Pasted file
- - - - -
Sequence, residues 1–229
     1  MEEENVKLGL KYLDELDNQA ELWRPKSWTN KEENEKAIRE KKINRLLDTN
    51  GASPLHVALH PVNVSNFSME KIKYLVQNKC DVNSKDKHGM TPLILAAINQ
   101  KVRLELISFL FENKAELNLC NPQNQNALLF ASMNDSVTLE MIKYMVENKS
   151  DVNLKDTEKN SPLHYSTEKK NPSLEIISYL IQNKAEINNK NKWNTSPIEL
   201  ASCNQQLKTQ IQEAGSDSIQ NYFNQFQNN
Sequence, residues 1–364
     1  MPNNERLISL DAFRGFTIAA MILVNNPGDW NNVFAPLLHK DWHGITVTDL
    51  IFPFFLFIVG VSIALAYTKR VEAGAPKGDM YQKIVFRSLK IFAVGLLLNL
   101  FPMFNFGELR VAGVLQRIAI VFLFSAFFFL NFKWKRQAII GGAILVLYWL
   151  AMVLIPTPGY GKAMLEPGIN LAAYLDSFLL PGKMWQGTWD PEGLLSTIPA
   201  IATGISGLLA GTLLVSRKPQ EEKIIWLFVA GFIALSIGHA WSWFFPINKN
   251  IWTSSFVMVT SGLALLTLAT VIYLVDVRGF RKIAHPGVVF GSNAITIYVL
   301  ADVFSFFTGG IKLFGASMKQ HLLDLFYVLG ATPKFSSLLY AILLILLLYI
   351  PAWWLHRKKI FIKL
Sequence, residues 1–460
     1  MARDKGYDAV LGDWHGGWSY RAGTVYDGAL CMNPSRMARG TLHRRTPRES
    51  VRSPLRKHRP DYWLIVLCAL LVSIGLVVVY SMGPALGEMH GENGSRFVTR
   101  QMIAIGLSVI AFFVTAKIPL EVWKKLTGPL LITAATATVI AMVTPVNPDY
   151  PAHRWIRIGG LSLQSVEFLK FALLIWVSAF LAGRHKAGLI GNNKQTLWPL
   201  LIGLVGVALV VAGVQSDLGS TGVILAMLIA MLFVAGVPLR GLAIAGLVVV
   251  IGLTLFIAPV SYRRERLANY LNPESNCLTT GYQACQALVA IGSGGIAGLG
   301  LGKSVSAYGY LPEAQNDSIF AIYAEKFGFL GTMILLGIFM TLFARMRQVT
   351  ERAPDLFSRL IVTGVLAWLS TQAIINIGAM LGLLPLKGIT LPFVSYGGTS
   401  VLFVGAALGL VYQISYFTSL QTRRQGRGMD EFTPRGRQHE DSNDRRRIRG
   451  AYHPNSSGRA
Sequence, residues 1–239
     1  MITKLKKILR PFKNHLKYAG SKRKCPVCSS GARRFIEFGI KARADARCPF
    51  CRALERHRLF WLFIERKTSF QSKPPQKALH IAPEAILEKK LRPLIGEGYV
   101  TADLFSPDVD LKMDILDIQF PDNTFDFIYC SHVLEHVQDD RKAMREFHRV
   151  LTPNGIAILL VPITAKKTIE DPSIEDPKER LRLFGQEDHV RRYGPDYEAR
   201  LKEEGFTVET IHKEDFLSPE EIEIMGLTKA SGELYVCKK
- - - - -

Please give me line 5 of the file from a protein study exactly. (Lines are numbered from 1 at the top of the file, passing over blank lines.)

   151  DVNLKDTEKN SPLHYSTEKK NPSLEIISYL IQNKAEINNK NKWNTSPIEL